These laws restricted sanctuary, but then, less than 50 years after that, those restrictions were reversed, and an extensive practice of sanctuary became enshrined in edicts that shaped its practice for the next 1000 plus years.  The Theodosian Code, named after the current Emperor himself, affirmed the churches, and a buffer zone around them, as locations for sanctuary in all kinds of cases.

Even though it was likely added to the Code years later, one rule that became widely circulated across medieval Europe went so far as unhooking sanctuary from the church building itself.  It said:

“If some unfortunate fugitive (someone seeking sanctuary) crosses paths with a bishop or presbyter or a deacon, either in a city street or in a field or any other place, we order that they be detained or abducted by no one, because in priests the Church consists.” (Sanctuary and Crime, p. 69)

Overlay that with the later Protestant theology of the priesthood of all believers and you’ve got yourself quite a rule.  “In priests the Church consists”…“In the people the Church consists.”  Imagine if all people of faith, priests every one, had this identity of being sanctuary people “either in a city street or in a field or any other place.”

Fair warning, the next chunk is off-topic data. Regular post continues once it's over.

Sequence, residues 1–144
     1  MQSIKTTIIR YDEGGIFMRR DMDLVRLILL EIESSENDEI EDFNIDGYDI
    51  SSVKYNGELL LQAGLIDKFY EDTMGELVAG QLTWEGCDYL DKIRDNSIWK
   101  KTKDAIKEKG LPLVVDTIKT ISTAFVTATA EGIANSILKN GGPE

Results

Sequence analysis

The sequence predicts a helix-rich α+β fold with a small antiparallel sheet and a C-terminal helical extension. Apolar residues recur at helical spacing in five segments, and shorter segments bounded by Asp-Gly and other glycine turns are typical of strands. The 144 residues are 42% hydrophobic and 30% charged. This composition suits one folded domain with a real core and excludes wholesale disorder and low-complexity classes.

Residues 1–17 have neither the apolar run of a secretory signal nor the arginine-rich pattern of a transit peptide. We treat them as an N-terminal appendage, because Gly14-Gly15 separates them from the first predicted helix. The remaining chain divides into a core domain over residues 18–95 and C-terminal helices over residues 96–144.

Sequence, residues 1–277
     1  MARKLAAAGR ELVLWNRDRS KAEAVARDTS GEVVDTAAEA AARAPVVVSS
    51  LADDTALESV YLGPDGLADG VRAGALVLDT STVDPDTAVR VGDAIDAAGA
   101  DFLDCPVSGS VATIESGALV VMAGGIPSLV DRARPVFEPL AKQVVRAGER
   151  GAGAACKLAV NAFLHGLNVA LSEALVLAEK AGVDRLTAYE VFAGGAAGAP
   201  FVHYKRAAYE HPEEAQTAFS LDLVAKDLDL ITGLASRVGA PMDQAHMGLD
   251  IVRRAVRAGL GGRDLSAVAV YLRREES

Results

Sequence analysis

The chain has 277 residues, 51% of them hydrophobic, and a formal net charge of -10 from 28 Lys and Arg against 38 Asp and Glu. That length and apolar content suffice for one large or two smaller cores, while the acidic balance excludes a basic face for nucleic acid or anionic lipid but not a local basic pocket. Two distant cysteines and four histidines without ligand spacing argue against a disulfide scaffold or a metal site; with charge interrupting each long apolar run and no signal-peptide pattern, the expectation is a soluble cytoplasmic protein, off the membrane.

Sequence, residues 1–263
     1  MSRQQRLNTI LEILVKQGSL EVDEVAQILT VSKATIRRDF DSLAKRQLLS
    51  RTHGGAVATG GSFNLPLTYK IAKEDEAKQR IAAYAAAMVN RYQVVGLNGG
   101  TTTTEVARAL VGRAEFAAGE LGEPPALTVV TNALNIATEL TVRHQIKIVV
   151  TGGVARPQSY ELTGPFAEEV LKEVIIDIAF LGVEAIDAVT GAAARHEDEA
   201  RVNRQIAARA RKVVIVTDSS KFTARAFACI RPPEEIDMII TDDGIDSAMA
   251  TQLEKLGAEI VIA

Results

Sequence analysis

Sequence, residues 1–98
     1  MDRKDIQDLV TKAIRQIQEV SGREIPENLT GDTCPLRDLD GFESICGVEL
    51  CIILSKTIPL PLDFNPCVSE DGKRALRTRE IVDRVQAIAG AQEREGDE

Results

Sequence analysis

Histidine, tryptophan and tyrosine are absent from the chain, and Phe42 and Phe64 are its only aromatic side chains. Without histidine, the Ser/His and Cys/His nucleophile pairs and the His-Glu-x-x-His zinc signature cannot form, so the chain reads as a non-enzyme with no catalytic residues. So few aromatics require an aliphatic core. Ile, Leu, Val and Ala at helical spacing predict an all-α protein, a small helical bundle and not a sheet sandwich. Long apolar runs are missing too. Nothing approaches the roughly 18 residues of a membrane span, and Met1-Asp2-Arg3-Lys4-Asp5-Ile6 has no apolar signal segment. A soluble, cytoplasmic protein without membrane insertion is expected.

One of two temptations might be to overly romanticize sanctuary.  The good old days, when the churches and their priests were truly places of refuge.  The other temptation might be to discount sanctuary as the church merely playing a role that a well-organized government should be doing.  Our Anabaptist tradition does have a thing or two to say about the mismatched marriage between church and state that was Medieval Europe.

From all I can tell, the church, at its best, brought a theological approach to sanctuary.  The church taught the centrality of intercession and penance.  If someone had committed a crime, rather than seeing the person as merely a criminal, and the crime as something to be punished for its own sake, the church saw it as a sin against God and humanity.  But sins can be forgiven, and harms against fellow humans can be reconciled.  Penance can be done, for the sake of the penitent, to restore them as a human being, and for the sake of the one who has been harmed – to find a way to right the wrong, return the stolen item, repay the debt.

At its best, the church has participated in what the Apostle Paul referred to as the ministry of reconciliation.  This included reconciliation with God and reconciliation between people.

The church stood in the way of vigilante justice and the cycle of violence.  The church was a home base in the game of tag-with-knives that often produced more and more victims of violence.

At its best, church has been like the shadow of the Almighty, a place of refuge from the heat of human wrath.

One law declared that if a murderer flees to a church he must admit his homicide, and “with half his goods, be placed in servitude to the heirs of the slain.”  After his death, his remaining possessions or estate are handed over to the family of the slain. (Crime and Sanctuary, p. 79)  But he gets to live, and the family of the victim gets material compensation.